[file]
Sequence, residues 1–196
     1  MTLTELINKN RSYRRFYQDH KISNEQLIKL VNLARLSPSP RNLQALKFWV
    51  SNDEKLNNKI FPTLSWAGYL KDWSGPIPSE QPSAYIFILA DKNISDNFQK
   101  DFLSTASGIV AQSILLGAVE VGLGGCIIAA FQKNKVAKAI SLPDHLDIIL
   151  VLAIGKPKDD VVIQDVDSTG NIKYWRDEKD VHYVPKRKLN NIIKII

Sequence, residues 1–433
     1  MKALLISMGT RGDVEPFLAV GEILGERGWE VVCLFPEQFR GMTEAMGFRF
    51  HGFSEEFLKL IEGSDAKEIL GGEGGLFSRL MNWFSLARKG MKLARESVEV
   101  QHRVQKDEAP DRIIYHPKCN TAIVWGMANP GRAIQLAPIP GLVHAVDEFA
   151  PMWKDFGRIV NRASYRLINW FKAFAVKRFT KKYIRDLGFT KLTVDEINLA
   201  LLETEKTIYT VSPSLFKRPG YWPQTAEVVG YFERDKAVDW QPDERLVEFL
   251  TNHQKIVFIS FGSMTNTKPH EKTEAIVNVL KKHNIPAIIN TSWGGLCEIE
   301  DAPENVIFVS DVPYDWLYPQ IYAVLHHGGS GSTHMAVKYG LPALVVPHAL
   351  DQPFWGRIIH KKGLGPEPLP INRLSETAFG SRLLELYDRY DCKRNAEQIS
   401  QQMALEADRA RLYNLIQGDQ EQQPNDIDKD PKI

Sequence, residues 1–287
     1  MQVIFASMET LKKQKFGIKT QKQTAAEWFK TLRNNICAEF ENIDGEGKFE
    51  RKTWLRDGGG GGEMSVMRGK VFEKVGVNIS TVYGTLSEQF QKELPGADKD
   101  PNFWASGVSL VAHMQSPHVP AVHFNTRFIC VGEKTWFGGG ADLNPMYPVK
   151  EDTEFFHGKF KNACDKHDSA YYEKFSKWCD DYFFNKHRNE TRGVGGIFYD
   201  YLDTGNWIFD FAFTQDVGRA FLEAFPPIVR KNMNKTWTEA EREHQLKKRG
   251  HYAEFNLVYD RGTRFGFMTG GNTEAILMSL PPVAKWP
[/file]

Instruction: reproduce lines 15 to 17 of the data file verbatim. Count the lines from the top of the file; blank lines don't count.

   401  QQMALEADRA RLYNLIQGDQ EQQPNDIDKD PKI

Sequence, residues 1–287
     1  MQVIFASMET LKKQKFGIKT QKQTAAEWFK TLRNNICAEF ENIDGEGKFE